Gerald R. Ford Museum
Exhibits, Events, Education Center

303 Pearl Street, NW
Grand Rapids, MI 49504

616-254-0400 (tel)
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Hours: 9:00am-5:00pm (Mon-Sat)
12:00 pm - 5:00 pm Sundays
(Closed New Year's, Thanksgiving, & Christmas Days)


Gerald R. Ford Library
Research, Events, Small Exhibits

1000 Beal Avenue
Ann Arbor, MI 48109

734-205-0555 (tel)
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Hours: 8:45am-4:45pm (Mon-Fri)
(Closed Federal Holidays)



The Vladivostok Summit Meeting on Arms Control

Glossary of Strategic Arms Terminology

Compiled by Ford Library intern Dan Story

 

Ballistic Missile – A rocket equipped with a guidance system that flies in a sub orbital flight path. It relies on momentum obtained during the initial boost phase and ballistics to reach its target. It was also seen as the primary strategic weapon of the Cold War. It could range from short distance to intercontinental range (ICBM) depending on the size of the missile.

Cruise Missile – A missile that flies in a horizontal subsonic flight path. Unlike a ballistic missile, it flies using aerodynamic lift rather than rocket propulsion. It is highly accurate. Cruise missiles were just about to come into use by the American military in 1974.

Launch on Strike – The launching of a retaliatory attack upon an actual nuclear strike.

Launch on Warning – This is when a nuclear retaliatory strike would be launched upon detection of an attack, but before the actual attack occurred. As it was vulnerable to detection mistakes, it could lead to a war beginning accidentally.

MIRV - Multiple Independently Targeted Reentry Vehicle. A modification to ballistic missiles that allows the missile to strike multiple targets upon reentry. This is accomplished by packing several smaller warheads, each with their own guidance systems, into the tip of the missile. During the reentry/terminal phase of the missile flight, the warheads would break off and head toward individual targets.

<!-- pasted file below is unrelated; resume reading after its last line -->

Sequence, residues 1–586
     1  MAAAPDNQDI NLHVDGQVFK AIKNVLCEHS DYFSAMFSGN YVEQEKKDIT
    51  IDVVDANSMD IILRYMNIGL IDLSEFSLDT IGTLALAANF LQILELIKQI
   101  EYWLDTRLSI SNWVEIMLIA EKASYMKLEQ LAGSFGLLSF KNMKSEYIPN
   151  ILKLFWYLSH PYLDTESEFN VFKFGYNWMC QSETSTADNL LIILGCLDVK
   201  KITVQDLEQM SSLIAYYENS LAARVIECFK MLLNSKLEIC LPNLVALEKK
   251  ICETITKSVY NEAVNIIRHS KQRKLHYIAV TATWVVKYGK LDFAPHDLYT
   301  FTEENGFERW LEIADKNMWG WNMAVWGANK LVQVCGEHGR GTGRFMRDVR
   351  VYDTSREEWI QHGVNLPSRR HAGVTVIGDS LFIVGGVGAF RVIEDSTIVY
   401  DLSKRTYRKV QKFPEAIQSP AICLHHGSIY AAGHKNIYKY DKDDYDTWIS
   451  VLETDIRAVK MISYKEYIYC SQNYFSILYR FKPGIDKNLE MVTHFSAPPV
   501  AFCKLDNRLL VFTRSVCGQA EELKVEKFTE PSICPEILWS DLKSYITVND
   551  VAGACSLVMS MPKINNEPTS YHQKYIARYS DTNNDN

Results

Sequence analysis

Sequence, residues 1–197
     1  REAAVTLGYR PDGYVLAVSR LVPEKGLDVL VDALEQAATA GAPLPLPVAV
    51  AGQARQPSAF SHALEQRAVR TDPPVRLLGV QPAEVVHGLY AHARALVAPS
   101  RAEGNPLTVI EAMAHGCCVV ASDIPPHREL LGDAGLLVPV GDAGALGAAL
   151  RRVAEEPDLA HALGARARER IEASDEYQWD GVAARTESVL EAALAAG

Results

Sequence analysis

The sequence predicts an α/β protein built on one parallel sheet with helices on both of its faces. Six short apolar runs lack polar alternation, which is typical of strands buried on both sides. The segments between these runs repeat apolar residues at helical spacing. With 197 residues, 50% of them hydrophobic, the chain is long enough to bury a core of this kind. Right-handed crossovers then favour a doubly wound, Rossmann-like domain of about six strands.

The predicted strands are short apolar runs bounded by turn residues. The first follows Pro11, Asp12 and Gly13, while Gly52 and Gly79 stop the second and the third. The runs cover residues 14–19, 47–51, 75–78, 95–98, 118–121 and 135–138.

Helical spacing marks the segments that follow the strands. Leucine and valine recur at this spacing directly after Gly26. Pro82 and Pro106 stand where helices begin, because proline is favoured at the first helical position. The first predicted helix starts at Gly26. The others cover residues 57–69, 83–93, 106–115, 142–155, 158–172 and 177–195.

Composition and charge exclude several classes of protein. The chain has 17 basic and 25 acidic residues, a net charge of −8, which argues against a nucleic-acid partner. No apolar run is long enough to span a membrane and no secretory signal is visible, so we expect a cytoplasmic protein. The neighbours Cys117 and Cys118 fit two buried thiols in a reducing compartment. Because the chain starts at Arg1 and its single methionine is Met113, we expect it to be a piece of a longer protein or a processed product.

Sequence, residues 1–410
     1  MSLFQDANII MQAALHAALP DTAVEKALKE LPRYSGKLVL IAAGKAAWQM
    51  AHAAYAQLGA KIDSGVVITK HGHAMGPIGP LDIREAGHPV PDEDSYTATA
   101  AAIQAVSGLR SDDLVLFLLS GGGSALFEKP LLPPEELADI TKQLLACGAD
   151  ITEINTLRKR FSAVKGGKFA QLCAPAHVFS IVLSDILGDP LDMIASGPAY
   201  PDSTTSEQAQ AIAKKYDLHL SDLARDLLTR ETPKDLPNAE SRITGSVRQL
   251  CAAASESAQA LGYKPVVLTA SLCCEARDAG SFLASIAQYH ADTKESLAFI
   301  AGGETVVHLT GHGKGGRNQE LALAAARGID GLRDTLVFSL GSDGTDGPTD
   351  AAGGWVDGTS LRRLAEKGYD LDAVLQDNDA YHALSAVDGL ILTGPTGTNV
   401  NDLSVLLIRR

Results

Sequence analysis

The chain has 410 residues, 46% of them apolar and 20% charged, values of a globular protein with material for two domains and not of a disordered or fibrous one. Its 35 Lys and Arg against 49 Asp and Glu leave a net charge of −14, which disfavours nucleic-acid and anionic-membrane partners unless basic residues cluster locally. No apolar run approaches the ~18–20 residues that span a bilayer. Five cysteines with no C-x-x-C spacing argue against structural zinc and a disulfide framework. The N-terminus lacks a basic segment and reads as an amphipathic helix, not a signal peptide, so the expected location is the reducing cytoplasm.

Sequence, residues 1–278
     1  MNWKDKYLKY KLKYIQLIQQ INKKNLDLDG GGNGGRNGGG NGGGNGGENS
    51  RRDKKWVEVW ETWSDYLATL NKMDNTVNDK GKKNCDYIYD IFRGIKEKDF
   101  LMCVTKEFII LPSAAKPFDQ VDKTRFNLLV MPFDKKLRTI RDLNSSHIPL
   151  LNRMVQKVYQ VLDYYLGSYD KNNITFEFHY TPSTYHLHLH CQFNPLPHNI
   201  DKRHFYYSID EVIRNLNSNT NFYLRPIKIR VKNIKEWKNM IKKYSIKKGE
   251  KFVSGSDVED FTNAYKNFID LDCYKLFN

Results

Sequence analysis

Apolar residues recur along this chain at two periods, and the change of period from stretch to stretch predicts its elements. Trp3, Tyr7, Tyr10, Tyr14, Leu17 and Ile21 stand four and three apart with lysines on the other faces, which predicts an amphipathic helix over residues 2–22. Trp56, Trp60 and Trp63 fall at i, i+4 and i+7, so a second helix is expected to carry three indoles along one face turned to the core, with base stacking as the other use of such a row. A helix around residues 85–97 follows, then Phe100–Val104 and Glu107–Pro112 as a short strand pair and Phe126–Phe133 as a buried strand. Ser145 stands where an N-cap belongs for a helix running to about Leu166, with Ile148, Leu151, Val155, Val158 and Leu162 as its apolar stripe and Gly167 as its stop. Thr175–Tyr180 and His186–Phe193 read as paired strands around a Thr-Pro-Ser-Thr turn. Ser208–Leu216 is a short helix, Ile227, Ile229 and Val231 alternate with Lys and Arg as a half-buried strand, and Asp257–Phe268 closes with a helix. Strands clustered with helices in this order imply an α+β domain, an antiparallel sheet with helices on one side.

Mutually Assured Destruction (MAD) – The theoretical state that existed between the United States and the Soviet Union whereupon neither side could initiate a nuclear attack without assuring its own destruction. This was seen, by the United States, as the best way to preserve the balance of power and prevent nuclear war. However, it was thought that it would only work if both sides remained vulnerable; effective missile defense or civil defense would greatly weaken its deterrence capability.

SALT - Strategic Arms Limitation Treaty.

SLBM – Submarine Launched Ballistic Missile. The SLBM can be fired from underwater. The United States based most of its missiles upon submarines as it had the advantage of being difficult to track.

Strategic bomber – a bomb delivering airplane that can fly to intercontinental range without refueling. It also can serve as a launch platform for both cruise and ballistic missiles.

First Strike – Having the capability to attack another nuclear power first and to destroy enough of their arsenal to prevent effective retaliation.

Second Strike – The ability of a nation to strike back with nuclear weapons after being attacked. A second strike capability was a nuclear stockpile large enough that even if a great deal of the weapons were destroyed in the attack, enough remained to inflict unacceptable damage on the attacker.

Throw weight - Missile payload, the amount of weight that a missile can actually propel. Prior to MIRV, useful for predicting power of single warhead.